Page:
First batch of Covid vaccines reaches north-western Syria

Much of the Idlib enclave is controlled by Hayat Tahrir al-Sham, a jihadist organisation that includes former members of Syria’s former Al-Qaeda extremist group.
Thursday 22/04/2021
Staff of the Physicians Across Continents group unload the first batch of AstraZeneca COVID-19 vaccines in Syria’s rebel-held northwestern Idlib on April 21, 2021. (AFP)
Staff of the Physicians Across Continents group unload the first batch of AstraZeneca COVID-19 vaccines in Syria’s rebel-held northwestern Idlib on April 21, 2021. (AFP)

BAB AL-HAWA, Syria – A first batch of Covid-19 vaccines arrived Wednesday in war-torn north-western Syria, where millions live in dire humanitarian conditions.

The 53,800 AstraZeneca doses were dispatched to the rebel-dominated region as part of the Covax programme, which aims to ensure equitable access to Covid vaccinations.

Around noon, a truck carrying the vaccines passed through the Bab al-Hawa border crossing between Turkey and Idlib. The vaccines were then unloaded and placed in a cold storage facility.

“Today, we received the first batch of Covid-19 vaccines,” said Abdul Hamid al-Hussein of the Physicians Across Continents group which accompanied the shipment into Syria.

The delivery is the first to Syria by the Covax programme, which has already sent vaccine doses to more than 100 countries and territories worldwide.

The vaccine doses are intended for the extended north-western Syrian region, which includes jihadist-dominated parts of Idlib.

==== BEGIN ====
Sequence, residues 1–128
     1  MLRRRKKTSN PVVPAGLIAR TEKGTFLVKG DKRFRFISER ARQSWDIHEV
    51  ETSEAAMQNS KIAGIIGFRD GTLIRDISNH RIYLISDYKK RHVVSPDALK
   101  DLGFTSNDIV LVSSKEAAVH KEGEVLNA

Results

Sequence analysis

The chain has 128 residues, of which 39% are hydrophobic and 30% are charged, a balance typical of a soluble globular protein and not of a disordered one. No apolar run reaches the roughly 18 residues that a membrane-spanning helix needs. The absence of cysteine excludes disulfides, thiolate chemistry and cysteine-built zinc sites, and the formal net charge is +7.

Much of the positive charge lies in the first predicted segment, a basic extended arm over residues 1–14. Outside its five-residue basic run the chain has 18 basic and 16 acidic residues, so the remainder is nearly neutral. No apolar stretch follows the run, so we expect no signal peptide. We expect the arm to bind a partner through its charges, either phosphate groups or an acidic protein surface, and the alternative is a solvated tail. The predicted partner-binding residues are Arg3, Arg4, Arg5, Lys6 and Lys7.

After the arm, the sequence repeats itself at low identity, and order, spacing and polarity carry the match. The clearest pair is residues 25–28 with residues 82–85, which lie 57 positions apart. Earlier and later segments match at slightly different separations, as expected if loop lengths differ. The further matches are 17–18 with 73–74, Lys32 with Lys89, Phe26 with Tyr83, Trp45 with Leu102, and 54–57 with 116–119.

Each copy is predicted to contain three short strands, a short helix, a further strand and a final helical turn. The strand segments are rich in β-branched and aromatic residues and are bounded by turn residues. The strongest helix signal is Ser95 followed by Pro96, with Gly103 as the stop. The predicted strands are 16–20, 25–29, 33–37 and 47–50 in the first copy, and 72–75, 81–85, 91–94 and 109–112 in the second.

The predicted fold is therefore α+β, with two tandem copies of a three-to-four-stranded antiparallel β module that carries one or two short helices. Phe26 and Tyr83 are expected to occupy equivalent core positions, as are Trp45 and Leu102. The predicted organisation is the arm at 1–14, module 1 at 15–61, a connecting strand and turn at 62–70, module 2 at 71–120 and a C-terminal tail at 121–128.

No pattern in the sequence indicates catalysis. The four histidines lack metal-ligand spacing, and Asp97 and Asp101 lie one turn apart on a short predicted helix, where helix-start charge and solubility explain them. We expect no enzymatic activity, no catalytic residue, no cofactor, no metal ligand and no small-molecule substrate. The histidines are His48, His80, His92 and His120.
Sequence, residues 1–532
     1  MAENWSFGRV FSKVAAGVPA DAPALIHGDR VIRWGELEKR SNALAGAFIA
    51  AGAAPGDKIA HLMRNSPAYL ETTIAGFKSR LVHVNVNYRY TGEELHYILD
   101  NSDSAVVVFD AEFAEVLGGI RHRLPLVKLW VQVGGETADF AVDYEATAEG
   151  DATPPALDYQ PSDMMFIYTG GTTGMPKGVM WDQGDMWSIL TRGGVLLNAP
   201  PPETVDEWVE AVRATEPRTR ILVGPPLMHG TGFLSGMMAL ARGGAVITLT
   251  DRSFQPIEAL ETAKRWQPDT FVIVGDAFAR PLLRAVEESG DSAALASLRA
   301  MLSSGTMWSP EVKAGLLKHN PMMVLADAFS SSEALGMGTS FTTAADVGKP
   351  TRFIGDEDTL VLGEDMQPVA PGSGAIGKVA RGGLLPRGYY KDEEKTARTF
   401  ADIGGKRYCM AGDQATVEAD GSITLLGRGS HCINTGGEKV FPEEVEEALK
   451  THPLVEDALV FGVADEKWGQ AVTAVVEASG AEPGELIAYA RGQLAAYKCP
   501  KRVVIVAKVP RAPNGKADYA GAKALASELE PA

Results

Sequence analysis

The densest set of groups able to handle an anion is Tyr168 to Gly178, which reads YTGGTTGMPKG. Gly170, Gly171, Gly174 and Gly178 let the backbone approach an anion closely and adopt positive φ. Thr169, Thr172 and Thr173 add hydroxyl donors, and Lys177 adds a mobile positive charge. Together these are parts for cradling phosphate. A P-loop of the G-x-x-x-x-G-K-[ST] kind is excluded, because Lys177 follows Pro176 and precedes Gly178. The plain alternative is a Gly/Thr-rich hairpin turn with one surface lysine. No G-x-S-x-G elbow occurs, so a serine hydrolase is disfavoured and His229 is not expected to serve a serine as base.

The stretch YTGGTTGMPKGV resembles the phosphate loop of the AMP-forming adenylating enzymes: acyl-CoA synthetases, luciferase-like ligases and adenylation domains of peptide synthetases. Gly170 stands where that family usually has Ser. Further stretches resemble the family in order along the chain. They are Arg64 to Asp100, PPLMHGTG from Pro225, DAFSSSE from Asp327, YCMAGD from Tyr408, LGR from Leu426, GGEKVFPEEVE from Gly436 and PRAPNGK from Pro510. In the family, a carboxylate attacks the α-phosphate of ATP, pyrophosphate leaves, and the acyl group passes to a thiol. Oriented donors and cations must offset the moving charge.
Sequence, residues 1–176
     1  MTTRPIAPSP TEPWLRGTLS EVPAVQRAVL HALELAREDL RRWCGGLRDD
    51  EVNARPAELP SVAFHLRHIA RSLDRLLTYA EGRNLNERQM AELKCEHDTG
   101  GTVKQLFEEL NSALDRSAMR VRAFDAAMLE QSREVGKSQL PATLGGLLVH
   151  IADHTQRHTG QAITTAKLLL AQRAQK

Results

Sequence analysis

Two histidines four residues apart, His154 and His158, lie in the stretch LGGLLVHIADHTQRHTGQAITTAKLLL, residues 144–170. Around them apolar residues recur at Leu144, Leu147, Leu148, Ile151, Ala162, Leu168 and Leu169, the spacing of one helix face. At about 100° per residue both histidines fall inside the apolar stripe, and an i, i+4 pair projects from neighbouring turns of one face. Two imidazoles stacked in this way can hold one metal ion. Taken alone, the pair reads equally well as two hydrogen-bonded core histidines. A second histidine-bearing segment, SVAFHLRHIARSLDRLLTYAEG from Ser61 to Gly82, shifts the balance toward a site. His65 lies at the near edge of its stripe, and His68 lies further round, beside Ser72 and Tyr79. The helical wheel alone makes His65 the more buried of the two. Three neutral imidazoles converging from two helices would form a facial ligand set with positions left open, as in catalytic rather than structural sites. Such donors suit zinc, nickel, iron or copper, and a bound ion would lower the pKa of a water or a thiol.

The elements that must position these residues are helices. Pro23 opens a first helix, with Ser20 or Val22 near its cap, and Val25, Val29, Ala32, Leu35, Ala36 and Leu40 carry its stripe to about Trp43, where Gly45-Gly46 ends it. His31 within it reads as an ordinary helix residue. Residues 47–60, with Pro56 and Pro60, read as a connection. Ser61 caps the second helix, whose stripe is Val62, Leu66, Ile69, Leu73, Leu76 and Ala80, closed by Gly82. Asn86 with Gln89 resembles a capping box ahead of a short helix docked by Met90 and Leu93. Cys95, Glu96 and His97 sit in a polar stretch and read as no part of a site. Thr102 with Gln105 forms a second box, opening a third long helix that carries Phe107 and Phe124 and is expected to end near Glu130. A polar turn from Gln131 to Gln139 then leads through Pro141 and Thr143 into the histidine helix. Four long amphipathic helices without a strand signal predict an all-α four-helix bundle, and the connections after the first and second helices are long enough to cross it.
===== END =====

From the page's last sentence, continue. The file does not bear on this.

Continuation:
Mahmoud Daher, a senior official with the World Health Organization (WHO) said the UN is ready to administer jabs to the most vulnerable people.

“Once the vaccines arrive, we are prepared to start vaccination to priority groups through our implementing partners,” he said before the vaccines crossed into Idlib.

Covax is jointly led by the public-private alliance Gavi, the WHO and the Coalition for Epidemic Preparedness Innovations.

The first categories of people in the Idlib region to receive the jab in the coming days  will be medical personnel involved in the battle against the pandemic and first aid responders.

The next group will be those aged over 60, followed by people from younger age groups with chronic diseases, said Daher, who is based in the Turkish city of Gaziantep.

Vaccination drive

Much of the Idlib enclave is controlled by Hayat Tahrir al-Sham, a jihadist organisation that includes former members of Syria’s former Al-Qaeda extremist group.

Other regions of Syria will also receive vaccine doses through Covax.

Imad Zahran, a media officer for the Idlib region’s health department, said that the vaccination campaign was expected to begin early next month and would last about three weeks.

According to the WHO, a separate 912,000 doses have been allocated to Syria for a first phase of vaccination in regime-controlled and in semi-autonomous Kurdish areas.

The aim is to vaccinate 20 percent of the population by year’s end.

Vaccination for health workers has started in government-controlled areas but not with doses received as part of the Covax roll out.

The official Covid-19 death toll in Syria is low compared to some other countries in the region but credible data collection across the conflict-ravaged country is almost impossible.

Syria’s war has killed more than 388,000 people since it started in 2011 with the repression of anti-government protests.